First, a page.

“Distracted driving is any activity that diverts attention from driving, including talking or texting on your phone, eating and drinking, talking to people in your vehicle, fiddling with the stereo, entertainment or navigation system – anything that takes your attention away from the task of safe driving,” according to the NHTSA.

If you’re a parent, or if you’re a babysitter who drives children around, you are well aware of the issue of children being a serious driving distraction.

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buckles-032614Should a Person be Held Accountable for Texting a Driver Who is Involved in an Accident?

We all know that in many states it is illegal to text and drive. The dangers associated with such distracted driving are clear. However, the courts currently are trying to determine whether or not a person who knowingly texts someone who is driving can be held accountable if the person receiving the text is an accident. Recently in New Jersey, three judges decided that you don’t need to be the one driving to have accountability.

In 2009, a couple was badly injured when a truck driving in the opposite lane drifted into the center of the road and hit them while they were riding their motorcycle. As a result of the accident, both victims lost their left legs among other serious injuries. While they had already finished settling the case with the driver of the truck – who was convicted of texting and driving, they wanted to sue the driver’s girlfriend who had been sending him text messages right before the accident. Police were able to break down the events that happened during that day to determine that the driver had sent a text to his girlfriend mere seconds before the accident.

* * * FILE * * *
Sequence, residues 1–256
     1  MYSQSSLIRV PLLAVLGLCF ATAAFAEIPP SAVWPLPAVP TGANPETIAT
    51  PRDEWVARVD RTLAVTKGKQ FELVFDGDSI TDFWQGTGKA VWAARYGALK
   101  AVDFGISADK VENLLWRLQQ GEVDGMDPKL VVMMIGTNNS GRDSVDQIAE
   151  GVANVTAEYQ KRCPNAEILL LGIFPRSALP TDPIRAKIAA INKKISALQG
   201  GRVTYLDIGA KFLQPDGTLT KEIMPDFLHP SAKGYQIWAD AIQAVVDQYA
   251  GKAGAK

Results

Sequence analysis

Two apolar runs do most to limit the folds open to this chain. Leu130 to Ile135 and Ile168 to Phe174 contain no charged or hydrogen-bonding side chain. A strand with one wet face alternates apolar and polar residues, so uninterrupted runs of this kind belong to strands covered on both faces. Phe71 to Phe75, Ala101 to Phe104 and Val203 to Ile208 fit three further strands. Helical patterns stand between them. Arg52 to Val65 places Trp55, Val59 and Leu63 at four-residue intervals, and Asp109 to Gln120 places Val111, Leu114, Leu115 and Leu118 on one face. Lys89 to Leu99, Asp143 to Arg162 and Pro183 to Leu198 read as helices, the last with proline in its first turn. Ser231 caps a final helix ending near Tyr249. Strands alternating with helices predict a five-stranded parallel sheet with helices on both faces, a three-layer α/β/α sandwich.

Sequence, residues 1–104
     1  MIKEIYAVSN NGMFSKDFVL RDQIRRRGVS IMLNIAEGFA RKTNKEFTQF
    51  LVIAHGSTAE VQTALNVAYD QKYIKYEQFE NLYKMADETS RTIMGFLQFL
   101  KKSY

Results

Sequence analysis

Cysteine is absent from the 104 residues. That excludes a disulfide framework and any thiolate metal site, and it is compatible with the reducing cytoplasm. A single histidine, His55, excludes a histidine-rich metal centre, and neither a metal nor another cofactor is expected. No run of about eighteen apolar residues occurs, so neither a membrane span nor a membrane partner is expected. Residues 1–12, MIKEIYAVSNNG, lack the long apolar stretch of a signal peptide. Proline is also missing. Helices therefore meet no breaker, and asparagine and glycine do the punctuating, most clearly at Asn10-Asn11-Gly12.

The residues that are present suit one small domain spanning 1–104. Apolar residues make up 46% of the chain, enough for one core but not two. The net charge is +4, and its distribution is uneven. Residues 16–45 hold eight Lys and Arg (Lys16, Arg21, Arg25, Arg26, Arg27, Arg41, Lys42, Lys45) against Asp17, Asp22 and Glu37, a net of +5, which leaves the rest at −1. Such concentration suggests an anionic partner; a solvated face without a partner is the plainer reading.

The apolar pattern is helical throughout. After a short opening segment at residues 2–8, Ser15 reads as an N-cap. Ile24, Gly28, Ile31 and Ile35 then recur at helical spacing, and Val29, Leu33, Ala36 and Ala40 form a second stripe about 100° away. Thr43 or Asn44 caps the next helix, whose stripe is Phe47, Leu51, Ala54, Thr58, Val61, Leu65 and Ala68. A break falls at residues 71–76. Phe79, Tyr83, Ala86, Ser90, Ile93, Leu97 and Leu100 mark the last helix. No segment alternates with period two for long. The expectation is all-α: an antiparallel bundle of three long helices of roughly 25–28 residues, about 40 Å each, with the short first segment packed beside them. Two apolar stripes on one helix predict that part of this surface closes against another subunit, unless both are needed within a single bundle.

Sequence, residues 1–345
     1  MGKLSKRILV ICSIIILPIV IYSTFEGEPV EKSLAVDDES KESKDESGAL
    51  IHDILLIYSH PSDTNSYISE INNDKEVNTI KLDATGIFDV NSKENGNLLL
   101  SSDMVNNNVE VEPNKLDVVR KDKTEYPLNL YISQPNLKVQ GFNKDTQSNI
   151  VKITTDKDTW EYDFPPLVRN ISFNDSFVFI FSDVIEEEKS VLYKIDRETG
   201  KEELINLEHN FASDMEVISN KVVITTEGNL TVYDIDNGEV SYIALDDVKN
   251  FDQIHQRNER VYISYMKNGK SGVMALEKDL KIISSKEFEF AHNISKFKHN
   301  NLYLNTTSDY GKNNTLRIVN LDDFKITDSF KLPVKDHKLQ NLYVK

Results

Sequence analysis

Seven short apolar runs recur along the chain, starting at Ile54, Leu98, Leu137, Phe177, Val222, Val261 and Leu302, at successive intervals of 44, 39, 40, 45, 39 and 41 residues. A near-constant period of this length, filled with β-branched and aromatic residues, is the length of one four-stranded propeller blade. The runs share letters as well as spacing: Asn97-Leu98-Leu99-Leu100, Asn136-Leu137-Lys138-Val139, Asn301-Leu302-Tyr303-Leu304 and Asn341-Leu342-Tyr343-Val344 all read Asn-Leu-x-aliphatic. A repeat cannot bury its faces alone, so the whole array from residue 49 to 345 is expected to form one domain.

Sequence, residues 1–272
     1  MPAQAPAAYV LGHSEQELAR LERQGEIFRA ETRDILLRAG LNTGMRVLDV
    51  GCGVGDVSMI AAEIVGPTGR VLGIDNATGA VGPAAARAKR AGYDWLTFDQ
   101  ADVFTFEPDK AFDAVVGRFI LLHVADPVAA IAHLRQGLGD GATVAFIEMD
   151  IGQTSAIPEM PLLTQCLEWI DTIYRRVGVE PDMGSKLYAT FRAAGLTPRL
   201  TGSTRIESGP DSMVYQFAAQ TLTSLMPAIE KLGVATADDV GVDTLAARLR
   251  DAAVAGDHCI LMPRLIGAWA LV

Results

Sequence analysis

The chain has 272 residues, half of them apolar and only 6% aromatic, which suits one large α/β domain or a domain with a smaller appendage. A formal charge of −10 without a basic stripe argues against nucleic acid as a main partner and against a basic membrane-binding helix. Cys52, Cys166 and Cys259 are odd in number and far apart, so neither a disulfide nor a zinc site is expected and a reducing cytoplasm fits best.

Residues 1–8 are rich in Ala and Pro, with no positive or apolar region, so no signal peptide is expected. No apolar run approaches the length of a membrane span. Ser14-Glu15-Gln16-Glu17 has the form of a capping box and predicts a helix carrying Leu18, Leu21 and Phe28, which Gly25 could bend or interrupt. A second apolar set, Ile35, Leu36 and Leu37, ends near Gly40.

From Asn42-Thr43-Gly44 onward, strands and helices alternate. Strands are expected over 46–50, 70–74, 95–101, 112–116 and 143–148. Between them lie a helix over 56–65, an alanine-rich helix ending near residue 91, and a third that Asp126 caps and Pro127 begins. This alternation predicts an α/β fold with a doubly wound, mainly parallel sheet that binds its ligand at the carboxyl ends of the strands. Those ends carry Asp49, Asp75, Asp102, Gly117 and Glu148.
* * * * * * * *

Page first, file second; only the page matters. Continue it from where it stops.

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Texas police officers can pull people over and give them tickets for texting and driving. Those caught will face fines of up to $99 for a first offense and $200 for a second offense. The new law also states that if an accident caused by texting and driving results in the death or serious bodily injury of another person, they can be charged with a Class A misdemeanor punishable by a fine not to exceed $4,000 and confinement in jail for a term not to exceed one year, in addition to any other charges/punishments.

Advocates against handheld phone use say the new law will save the lives of both would-be distracted drivers, and the people they might have struck in accidents.

“The new law will help reduce crashes, save lives, and make Texas roads safer for everyone,” Kent Livesay, vice president and general manager of AAA Texas, said in a statement. “This new law will make travel safer for every Texan.”